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Market and Economic Modelling of the Intelligent Grid: 1st Interim Report 2009

Author

Listed:
  • John Foster

    () (Department of Economics, University of Queensland)

  • Liam Wagner

    () (Department of Economics, University of Queensland)

  • Ariel Liebman

    () (Department of Economics, University of Queensland)

Abstract

The overall goal of Project 2 has been to provide a comprehensive understanding of the impacts of distributed energy (DG) on the Australian Electricity System. The research team at the UQ Energy Economics and Management Group (EEMG) has constructed a variety of sophisticated models to analyse the various impacts of significant increases in DG. These models stress that the spatial configuration of the grid really matters - this has tended to be neglected in economic discussions of the costs of DG relative to conventional, centralized power generation. The modelling also makes it clear that efficient storage systems will often be critical in solving transient stability problems on the grid as we move to the greater provision of renewable DG. We show that DG can help to defer of transmission investments in certain conditions. The existing grid structure was constructed with different priorities in mind and we show that its replacement can come at a prohibitive cost unless the capability of the local grid to accommodate DG is assessed very carefully.

Suggested Citation

  • John Foster & Liam Wagner & Ariel Liebman, 2011. "Market and Economic Modelling of the Intelligent Grid: 1st Interim Report 2009," Energy Economics and Management Group Working Papers 08, School of Economics, University of Queensland, Australia.
  • Handle: RePEc:qld:uqeemg:08
    as

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    File URL: http://www.uq.edu.au/eemg/docs/workingpapers/08.pdf
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    References listed on IDEAS

    as
    1. Deng, S.J. & Oren, S.S., 2006. "Electricity derivatives and risk management," Energy, Elsevier, vol. 31(6), pages 940-953.
    2. El-Kordy, M.N & Badr, M.A & Abed, K.A & Ibrahim, Said M.A, 2002. "Economical evaluation of electricity generation considering externalities," Renewable Energy, Elsevier, vol. 25(2), pages 317-328.
    3. Pepermans, G. & Driesen, J. & Haeseldonckx, D. & Belmans, R. & D'haeseleer, W., 2005. "Distributed generation: definition, benefits and issues," Energy Policy, Elsevier, vol. 33(6), pages 787-798, April.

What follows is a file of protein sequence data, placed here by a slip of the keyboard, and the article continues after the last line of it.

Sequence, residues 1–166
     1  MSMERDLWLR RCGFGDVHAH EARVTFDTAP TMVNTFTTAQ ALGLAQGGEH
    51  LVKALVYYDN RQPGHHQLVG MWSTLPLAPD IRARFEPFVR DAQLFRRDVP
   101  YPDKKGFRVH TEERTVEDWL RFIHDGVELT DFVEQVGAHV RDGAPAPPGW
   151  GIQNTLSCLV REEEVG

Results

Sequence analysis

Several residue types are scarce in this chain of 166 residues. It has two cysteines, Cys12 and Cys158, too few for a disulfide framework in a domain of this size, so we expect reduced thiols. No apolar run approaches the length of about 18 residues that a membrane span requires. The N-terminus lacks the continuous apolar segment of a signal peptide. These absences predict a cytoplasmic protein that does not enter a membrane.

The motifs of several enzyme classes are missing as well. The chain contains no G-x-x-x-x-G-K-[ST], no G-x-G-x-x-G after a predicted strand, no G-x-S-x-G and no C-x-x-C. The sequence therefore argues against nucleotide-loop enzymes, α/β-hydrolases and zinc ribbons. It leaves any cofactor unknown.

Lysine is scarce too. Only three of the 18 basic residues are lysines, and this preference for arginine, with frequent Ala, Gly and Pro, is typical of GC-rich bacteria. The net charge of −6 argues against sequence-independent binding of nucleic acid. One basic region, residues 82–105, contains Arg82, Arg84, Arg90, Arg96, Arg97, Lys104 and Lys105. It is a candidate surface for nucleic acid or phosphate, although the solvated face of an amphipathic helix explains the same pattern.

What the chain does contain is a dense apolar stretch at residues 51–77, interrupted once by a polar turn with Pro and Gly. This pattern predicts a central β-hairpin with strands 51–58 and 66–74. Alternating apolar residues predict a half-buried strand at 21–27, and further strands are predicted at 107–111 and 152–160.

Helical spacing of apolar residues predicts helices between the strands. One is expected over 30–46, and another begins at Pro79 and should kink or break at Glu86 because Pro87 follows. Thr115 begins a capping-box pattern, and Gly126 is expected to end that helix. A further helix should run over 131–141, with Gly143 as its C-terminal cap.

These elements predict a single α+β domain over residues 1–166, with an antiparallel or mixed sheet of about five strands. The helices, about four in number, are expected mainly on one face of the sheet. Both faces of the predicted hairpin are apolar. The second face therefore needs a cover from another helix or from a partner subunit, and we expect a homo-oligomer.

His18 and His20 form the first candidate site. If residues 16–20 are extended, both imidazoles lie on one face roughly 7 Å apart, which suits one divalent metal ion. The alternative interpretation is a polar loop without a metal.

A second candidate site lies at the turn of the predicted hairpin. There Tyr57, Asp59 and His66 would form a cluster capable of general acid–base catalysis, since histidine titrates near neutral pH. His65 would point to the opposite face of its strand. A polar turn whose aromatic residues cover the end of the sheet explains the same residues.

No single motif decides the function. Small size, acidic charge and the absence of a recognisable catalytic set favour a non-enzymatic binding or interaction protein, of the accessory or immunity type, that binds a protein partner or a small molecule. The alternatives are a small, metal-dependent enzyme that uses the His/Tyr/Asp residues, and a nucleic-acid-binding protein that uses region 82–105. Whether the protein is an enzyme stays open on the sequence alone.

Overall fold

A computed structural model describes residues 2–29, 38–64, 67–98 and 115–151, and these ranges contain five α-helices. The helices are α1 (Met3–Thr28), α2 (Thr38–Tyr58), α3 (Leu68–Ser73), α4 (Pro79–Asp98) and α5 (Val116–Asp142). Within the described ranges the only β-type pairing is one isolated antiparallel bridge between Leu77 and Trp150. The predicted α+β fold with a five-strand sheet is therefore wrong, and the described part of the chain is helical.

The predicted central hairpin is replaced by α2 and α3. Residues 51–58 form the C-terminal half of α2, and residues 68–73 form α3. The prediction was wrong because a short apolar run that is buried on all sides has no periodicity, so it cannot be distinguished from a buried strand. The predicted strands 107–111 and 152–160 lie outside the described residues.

4. Huber, Claus & Ryan, Lisa & O Gallachoir, Brian & Resch, Gustav & Polaski, Katrina & Bazilian, Morgan, 2007. "Economic modelling of price support mechanisms for renewable energy: Case study on Ireland," Energy Policy, Elsevier, vol. 35(2), pages 1172-1185, February.
    5. Shum, Kwok L. & Watanabe, Chihiro, 2007. "Photovoltaic deployment strategy in Japan and the USA--an institutional appraisal," Energy Policy, Elsevier, vol. 35(2), pages 1186-1195, February.
    6. Tsikalakis, A.G. & Hatziargyriou, N.D., 2007. "Environmental benefits of distributed generation with and without emissions trading," Energy Policy, Elsevier, vol. 35(6), pages 3395-3409, June.
    7. Drennen, Thomas E & Erickson, Jon D & Chapman, Duane, 1996. "Solar power and climate change policy in developing countries," Energy Policy, Elsevier, vol. 24(1), pages 9-16, January.
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    Citations

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    Cited by:

    1. Foster, John & Wagner, Liam & Liebman, Ariel, 2017. "Economic and investment models for future grids: Final Report Project 3," MPRA Paper 78866, University Library of Munich, Germany.

    More about this item

    Keywords

    Distributed Generation. Energy Economics; Electricity Markets; Renewable Energy;

    JEL classification:

    • Q40 - Agricultural and Natural Resource Economics; Environmental and Ecological Economics - - Energy - - - General

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